Peter and Paul Fortress
Located on the banks of the beautiful Neva River, the towering Peter and Paul Fortress dominates the skyline of St Petersburg. Built in 18th century, this amazing fortress is a must-see attraction for anyone interested in the city's rich history. The oldest building in St Petersburg, the grandiose Peter and Paul Fortress is the perfect destination for culture seekers and history buffs. Planned by Peter the Great as a defense against possible attacks from the Swedes, the fortress never served its original purpose as they were defeated before its completion, and the six bastions at its corners were turned into high security political prison cells. The notorious dungeons held many famous people, including Alexei, the son of Peter the Great, Trotsky and Gorky, and it is now a museum. Other buildings in the fortress house the City History Museum and the Mint. The midday gun is fired every day from the roof, echoing around the city from across the water. Also enclosed within the imposing walls is the Cathedral of St Peter and St Paul, its distinctive golden needle-like spire visible throughout the city. The first church in the city to be built from stone, it has a richly decorated interior containing the tombs of every Russian Emperor since Peter the Great.
In 1703, when Peter the Great reclaimed the lands along the Neva River, he made a decision to build a fort to protect the projected capital city from attack by the Swedish army or navy. He chose tiny Hare Island in the Neva Delta for the fortress's location, and the citadel, Peter and Paul Fortress, St. Petersburg, Russia Peter and Paul Fortress with six bastions in earth and timber, was completed in less than a year. From 1706 to 1740, the fort was rebuilt in stone and less than 30 years later it was completely clad with granite.
The fortress never really saw any action because the Russians had defeated the Swedes before its completion. So, instead, it was used as a garrison and a jail for political prisoners and there was also a torture-chamber. From 1721 onward, it housed a number of notable personalities, including Peter the Great's son, Alexei, who was executed here after being tortured. Other well-known individuals jailed there through the centuries Ramparts of the Peter and Paul Fortress in St.Petersburg Ramparts have included Tadeusz Kosciuszko, Maxim Gorky, Fyodor Dostoevsky, Leon Trotsky, and Alexander Lenin, brother of Vladimir.
The fortress was, however, attacked during the February Revolution of 1917 and later that same year fell into the hands of the Bolsheviks. By 1924, most of the fortress was converted into a museum but much of it was heavily damaged during World War II. It was restored after the war.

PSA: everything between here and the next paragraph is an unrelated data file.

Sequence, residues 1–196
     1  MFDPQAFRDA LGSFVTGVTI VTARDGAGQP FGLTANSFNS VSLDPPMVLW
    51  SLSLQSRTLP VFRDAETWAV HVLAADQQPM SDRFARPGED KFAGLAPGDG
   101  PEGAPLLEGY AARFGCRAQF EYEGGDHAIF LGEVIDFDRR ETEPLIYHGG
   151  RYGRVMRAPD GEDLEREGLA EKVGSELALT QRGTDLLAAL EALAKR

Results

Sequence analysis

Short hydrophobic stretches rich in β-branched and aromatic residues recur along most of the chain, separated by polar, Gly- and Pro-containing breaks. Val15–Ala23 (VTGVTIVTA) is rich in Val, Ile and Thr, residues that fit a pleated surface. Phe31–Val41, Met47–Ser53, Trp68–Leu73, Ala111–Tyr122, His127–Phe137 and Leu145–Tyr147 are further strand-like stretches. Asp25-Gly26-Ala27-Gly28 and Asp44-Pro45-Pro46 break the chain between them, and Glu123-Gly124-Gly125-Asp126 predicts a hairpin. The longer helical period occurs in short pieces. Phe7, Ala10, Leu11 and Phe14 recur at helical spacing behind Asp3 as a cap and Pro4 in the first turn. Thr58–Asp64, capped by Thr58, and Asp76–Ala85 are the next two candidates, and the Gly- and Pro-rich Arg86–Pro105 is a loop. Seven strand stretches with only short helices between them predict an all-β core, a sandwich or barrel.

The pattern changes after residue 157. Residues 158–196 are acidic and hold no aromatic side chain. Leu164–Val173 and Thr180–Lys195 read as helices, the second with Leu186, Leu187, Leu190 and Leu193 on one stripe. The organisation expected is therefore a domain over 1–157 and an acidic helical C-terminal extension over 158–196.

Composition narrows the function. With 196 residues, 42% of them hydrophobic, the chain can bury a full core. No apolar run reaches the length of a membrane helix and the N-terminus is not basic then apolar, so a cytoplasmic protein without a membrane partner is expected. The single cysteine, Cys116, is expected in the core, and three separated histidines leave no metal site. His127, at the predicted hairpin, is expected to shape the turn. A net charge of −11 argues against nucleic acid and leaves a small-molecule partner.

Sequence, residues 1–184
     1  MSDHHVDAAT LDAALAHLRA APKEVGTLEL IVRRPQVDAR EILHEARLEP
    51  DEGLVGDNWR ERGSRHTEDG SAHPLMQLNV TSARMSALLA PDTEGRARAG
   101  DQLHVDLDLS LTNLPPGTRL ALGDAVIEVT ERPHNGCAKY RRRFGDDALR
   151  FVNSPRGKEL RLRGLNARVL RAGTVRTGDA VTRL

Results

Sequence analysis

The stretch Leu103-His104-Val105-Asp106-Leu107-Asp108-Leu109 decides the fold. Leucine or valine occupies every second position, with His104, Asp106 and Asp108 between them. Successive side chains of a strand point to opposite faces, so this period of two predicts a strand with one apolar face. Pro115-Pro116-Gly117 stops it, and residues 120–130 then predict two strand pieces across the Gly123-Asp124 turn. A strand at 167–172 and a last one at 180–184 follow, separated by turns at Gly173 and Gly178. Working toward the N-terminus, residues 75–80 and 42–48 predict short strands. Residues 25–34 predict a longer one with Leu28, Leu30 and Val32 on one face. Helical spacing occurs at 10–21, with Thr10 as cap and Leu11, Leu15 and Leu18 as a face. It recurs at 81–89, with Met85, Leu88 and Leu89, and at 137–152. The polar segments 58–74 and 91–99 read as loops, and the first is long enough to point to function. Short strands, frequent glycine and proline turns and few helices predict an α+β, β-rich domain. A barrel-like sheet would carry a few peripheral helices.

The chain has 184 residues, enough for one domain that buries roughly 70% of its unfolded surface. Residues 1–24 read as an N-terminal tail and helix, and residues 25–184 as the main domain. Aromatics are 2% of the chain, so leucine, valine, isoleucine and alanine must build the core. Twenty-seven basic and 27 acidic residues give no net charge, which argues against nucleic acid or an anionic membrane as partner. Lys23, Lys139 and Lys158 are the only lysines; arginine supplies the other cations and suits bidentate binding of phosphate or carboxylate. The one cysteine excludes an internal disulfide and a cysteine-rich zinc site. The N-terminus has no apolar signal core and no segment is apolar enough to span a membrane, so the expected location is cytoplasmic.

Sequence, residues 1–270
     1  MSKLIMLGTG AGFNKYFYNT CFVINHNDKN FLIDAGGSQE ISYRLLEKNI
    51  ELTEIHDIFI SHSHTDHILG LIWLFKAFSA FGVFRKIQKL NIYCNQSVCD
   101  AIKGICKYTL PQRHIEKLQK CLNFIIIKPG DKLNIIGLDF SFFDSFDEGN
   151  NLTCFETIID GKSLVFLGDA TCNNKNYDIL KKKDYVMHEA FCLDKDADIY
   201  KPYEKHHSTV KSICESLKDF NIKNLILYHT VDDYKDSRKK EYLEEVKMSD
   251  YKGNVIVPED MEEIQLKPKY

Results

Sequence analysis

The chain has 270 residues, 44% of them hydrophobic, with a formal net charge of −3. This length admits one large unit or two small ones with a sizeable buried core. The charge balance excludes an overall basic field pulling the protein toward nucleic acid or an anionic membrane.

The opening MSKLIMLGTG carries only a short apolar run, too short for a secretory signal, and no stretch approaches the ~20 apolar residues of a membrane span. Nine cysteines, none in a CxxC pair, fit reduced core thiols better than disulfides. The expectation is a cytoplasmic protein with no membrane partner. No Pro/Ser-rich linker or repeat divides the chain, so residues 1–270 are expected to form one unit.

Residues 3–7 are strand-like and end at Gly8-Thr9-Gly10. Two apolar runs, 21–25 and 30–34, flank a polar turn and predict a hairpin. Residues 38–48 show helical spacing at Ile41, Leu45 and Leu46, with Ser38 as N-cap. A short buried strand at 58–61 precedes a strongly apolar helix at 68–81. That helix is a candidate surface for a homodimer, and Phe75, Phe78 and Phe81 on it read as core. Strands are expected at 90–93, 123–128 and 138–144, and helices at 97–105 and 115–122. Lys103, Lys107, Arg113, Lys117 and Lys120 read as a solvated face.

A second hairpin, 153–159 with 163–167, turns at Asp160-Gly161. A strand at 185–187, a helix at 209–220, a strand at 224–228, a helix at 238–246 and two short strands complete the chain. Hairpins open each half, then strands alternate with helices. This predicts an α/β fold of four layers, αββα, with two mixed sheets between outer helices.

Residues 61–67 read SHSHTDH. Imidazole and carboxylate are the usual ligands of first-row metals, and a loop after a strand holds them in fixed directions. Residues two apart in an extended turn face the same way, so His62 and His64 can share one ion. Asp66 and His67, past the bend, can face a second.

Domenico Trezzini, an architect who designed the Peter and Paul Fortress, was also the founder of the Petrine Baroque style of Russian architecture.
Ahead is the centerpiece of the fortress, the Peter and Paul Cathedral, with its 122.5 meter (+400 foot) tall gilded spiral with a golden angel perched on top. The cathedral, designed by Domenico Trezzini, is one of the city's most important landmarks. Construction of the church started in 1712 and it was consecrated 12 years later, in 1724. The structure was heavily damaged in the mid 18th century due to a fire caused by lightning. It was slightly remodeled and reconstructed in 1776. The ornately decorated cathedral with many magnificent iconostases has been the burial place of all Russian Emperors and Empresses from Peter the Great to Alexander III.
Other buildings onsite include the Grand Ducal Mausoleum, where several more-recent grand dukes and duchesses have been interred; the small Boat House, where you can buy tickets to access the cathedral; the House of the Commander, where the commanding officer of the fortress lived; Commander's House, Peter and Paul Fortress Commander's House the Mint, one of only two in Russia where coins and medals are made; and the City Museum (in the engineer's house), which provides some interesting background on the history of St. Petersburg.
The beaches located underneath the fortress walls are quite popular with locals and are usually crowded on warm, summer weekends. But even during wintertime people lean against the walls to bask in the sun during the brief periods of sunshine. The brave - known as walruses - even break the ice and swim in the freezing water.